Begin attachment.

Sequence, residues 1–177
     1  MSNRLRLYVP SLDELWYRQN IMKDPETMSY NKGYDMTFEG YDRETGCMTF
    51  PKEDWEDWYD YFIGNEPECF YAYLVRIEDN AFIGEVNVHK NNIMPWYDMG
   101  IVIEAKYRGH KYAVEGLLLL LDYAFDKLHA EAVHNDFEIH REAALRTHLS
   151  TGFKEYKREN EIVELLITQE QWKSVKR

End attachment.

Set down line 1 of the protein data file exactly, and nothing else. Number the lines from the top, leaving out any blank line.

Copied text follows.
Sequence, residues 1–177